That may be so, but sooner or later, they will have to account for their misdeeds. And the public would remember! Reminders (for Noynoy): 1) Filing of charges against officials of the National Food Authority (NFA) during Arroyo’s illegitimate regime. Noynoy himself said on several occasions that there is documentary evidence to prove the venalities in the past in that agency. 2) Investigation of reported anomalies in the GSIS during the watch of Winston Garcia and ordering his successor, Robert “Pretty Boy” Vergara, to file the proper charges, if warranted, against the former.

Noynoy should also order Vergara to report to him on COA’s findings that: (a) He received the obscenely excessive compensation of P16.36 million in 2012 making him the highest paid government servant then (how much did he get in 2013?) and; (b) That, as of seven or eight months ago, at least P4.13 billion in contributions and loan payments made by 12 government offices to the GSIS had not been credited to the offices as of Dec. 31, 2011.

COA also said at the time that the amount of unrecorded remittances could go much higher because only 36 agencies have so far responded out of the 186 that were sent confirmation requests by government auditors. Of the 36, 27 confirmed “discrepancies” in their premium and loan payments ledgers when compared with those of the GSIS.

There are three questions being raised when remittances, or parts thereof, of government agencies are not recorded by the GSIS on time: a) Where are these huge sums “parked” in the meantime?; b) Do they earn interest?; and c) To where (whom?) does the interest, if any, go? Pray tell, Mr. Vergara, what is the present status of these funds, including those that may have been remitted since and not yet recorded by the GSIS? 3) Facilitating the investigation of rampant corruption in the military and police establishments. 4) Resort to his immense presidential powers to expedite the resolution of the Ampatuan massacre case that is now on its fourth year.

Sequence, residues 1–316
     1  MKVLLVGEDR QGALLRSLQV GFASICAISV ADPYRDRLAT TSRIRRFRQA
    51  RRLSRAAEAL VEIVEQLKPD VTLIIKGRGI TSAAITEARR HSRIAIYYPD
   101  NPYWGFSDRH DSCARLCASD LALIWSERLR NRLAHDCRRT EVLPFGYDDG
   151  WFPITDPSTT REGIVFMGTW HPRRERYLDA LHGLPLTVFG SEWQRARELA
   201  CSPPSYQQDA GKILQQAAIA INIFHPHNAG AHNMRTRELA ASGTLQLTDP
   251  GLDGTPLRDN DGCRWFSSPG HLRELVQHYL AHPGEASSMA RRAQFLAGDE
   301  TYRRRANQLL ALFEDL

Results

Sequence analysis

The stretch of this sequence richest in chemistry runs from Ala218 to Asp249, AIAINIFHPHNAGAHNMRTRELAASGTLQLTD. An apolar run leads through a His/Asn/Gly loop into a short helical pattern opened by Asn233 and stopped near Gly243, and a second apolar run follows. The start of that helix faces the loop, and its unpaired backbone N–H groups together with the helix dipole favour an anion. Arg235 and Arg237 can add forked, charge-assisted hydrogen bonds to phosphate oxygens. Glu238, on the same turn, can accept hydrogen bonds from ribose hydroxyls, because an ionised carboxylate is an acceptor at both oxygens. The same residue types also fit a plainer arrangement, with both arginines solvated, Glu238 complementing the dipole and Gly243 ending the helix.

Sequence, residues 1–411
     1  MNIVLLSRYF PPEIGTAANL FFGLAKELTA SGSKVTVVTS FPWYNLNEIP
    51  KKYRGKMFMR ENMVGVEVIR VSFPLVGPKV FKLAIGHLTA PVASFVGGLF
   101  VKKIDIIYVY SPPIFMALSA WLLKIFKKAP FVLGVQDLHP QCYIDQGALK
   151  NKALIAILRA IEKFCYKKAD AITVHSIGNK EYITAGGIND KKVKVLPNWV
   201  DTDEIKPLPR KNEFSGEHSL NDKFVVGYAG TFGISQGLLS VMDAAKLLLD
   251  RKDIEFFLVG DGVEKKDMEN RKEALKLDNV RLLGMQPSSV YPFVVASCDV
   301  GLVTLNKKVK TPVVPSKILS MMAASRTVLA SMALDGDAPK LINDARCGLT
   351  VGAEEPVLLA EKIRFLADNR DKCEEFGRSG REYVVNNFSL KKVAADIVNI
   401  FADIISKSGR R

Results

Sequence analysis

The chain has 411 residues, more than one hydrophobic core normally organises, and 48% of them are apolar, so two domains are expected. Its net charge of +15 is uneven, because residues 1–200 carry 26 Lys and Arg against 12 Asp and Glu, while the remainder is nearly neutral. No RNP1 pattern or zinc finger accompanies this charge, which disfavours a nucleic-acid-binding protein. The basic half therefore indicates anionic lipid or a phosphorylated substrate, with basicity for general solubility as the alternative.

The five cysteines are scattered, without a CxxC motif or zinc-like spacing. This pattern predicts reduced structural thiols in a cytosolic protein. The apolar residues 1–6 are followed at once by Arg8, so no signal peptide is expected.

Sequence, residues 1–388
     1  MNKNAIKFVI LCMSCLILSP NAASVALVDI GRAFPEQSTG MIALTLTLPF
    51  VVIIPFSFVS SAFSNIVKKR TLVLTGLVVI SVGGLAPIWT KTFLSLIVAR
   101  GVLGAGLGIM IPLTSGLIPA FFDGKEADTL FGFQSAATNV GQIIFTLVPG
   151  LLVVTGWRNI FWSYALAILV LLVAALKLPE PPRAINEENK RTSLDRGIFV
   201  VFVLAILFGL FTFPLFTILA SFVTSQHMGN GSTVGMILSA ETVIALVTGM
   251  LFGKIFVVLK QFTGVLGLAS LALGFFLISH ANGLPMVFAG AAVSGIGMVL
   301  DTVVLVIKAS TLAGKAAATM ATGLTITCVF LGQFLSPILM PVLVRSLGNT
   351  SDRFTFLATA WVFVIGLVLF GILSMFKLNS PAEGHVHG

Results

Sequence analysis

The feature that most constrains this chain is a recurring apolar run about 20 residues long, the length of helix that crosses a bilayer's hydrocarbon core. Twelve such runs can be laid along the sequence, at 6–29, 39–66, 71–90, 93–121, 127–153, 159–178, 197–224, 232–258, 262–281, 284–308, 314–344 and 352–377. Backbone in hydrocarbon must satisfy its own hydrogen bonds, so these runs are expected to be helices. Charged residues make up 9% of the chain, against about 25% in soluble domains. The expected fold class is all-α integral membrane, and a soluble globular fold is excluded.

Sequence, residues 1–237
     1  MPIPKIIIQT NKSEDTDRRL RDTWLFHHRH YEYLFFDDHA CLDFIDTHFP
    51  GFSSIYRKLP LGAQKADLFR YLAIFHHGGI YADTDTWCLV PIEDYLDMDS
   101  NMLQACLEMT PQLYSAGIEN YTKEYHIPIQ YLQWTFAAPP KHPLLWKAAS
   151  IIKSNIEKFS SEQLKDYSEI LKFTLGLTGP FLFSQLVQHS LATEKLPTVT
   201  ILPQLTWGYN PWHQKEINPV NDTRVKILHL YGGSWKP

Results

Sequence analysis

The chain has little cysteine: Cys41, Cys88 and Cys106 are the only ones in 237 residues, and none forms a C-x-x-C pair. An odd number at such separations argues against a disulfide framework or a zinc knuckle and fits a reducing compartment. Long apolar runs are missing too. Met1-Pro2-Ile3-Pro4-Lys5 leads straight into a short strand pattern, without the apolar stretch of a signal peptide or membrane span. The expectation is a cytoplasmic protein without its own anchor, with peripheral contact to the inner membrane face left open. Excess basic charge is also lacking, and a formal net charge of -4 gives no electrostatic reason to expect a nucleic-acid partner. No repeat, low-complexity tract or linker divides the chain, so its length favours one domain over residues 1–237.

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Today is the 289th day of the seventh year of Jonas Burgos’ disappearance The Justice Department has dismissed the charges against several of those accused in Jonas’ disappearance. Cleared were former AFP chiefs of staff Hermogenes Esperon and Alexander Yano, ex-PNP chief Avelino Razon, retired Lt. Gen. Romeo Tolentino, Brig. Gen. Eduardo Ano and Lt. Col. Melquiades Feliciano. Only Maj. Harry Baliaga will be (has been?) charged for arbitrary detention, murder and obstruction of justice on the disappearance of Jonas. Ano was even recently promoted to major general and confirmed as head of the Intelligence Service of the AFP.

"Pwedeng kasuhan ang kamay ng krimen pero ang utak ay hindi?" rued Lorena Santos, daughter of a desaparecido like Jonas. Mr. President, is this what you meant when you called for a “focused, dedicated and exhaustive” probe of what really happened to Jonas?

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From an internet friend: Wilfred had just learned his abc's and was very scared of doing them in front of the class. The teacher, though, told him that the best way to conquer his fears would be to just go ahead and do it. So, trembling, he stood in front of the class and began. "ABCDEFGHIJLKMNOQRSTUVWXYZ." "Very good, Wilfred. But you forgot the P. Where's the P? "It's running down my leg." ****** roacrosshairs@outlook.com